OpenTable Tightens Control Over Diners' Data

OpenTable Tightens Control Over Diners' Data

In a move that strengthens the battle for control of information that diners provide online, OpenTable is preventing restaurants from providing competitors with access to data from its platform. With the updated agreement, restaurant operators cannot access and copy data without the consent of the platform, The Wall Street Journal reported.

While some restauranteurs believe OpenTable “is trying to freeze out SevenRooms,” according to the paper, OpenTable's Steve Hafner claims the move is an effort to protect the privacy of diners as well as the platform’s control of the information. “That information is absolutely not the restaurants',” Hafner said, according to WSJ.

OpenTable is currently the largest platform for booking tables at restaurants in the U.S.

Diner information has taken on more value, as restaurant groups look to serve customers with personalized products and services. Chains, for instance, are tapping into data to take note of allergies, monitor spending patterns and adjust menus. Scott Langdoc, who heads up BRP Consulting’s hospitality practice, told the paper, “To do that level of personalization, that level of engagement, you need to know more.”

The news comes as all-in-one reservation, seating and guest management platform SevenRooms  announced an investment from Amazon’s Alexa Fund in October. In a press release at the time, the company said the funding marked the first time the Alexa Fund has invested in a restaurant technology company. SevenRooms also noted the backing would pave the way for the company to integrate Amazon Alexa into guest relationship management and restaurant operations.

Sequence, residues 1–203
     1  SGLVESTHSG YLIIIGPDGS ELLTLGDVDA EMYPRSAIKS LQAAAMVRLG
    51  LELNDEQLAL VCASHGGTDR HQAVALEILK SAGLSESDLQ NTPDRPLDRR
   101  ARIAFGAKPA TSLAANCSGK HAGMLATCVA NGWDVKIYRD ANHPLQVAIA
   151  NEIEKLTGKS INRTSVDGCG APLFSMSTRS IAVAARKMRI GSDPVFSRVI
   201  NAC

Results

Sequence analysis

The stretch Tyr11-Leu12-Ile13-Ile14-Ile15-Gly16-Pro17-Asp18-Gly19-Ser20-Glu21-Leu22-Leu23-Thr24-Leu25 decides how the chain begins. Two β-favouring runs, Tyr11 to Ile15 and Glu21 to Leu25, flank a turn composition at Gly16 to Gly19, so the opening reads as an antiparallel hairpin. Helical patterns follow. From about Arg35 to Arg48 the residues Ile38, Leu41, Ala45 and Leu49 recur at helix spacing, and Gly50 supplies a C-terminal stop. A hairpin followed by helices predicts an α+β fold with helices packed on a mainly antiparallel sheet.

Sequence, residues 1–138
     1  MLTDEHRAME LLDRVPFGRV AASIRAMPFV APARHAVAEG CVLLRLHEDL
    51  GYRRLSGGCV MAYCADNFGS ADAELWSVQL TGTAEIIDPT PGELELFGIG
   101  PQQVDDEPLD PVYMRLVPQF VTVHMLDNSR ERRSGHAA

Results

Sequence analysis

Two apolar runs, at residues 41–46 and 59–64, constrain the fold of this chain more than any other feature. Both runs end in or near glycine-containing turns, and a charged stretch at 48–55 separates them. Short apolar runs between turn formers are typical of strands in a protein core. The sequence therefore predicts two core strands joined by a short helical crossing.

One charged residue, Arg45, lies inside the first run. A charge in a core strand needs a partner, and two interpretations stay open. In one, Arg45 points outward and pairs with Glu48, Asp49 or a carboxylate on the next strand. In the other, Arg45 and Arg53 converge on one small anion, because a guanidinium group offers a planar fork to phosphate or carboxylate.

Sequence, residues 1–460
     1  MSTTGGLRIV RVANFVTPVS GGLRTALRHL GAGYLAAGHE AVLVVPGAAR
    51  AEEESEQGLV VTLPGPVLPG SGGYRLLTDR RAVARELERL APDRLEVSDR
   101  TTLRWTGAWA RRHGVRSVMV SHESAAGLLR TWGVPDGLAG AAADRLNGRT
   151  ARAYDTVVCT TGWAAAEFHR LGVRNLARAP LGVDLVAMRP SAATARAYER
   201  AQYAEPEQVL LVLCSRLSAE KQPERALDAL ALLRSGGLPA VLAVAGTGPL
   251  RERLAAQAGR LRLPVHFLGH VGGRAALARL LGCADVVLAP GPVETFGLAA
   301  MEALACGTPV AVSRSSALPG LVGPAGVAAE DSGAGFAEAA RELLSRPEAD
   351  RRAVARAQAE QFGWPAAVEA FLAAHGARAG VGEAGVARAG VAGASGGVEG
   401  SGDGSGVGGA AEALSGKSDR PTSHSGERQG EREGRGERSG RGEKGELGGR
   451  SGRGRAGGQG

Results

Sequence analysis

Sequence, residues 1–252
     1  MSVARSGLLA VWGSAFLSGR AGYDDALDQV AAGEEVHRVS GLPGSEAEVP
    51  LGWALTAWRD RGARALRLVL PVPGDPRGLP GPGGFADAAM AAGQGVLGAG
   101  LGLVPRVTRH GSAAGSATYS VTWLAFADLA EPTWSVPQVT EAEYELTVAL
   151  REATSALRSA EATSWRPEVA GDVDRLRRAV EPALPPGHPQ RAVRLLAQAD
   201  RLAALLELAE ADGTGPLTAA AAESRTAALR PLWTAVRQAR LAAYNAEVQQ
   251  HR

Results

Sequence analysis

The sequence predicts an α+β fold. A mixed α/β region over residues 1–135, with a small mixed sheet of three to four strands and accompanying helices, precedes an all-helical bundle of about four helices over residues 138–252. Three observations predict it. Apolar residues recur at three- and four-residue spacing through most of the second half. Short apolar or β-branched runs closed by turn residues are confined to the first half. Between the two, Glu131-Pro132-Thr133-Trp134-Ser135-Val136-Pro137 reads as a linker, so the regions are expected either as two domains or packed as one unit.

SevenRooms Founder and CEO Joel Montaniel said in the press release, “Hospitality operators have long relied on an interface or screen to access information, taking attention away from their guests and operations. Voice eliminates this need, enabling them to shift their attention back to what matters most: the guest.”



The How We Shop Report, a PYMNTS collaboration with PayPal, aims to understand how consumers of all ages and incomes are shifting to shopping and paying online in the midst of the COVID-19 pandemic. Our research builds on a series of studies conducted since March, surveying more than 16,000 consumers on how their shopping habits and payments preferences are changing as the crisis continues. This report focuses on our latest survey of 2,163 respondents and examines how their increased appetite for online commerce and digital touchless methods, such as QR codes, contactless cards and digital wallets, is poised to shape the post-pandemic economy.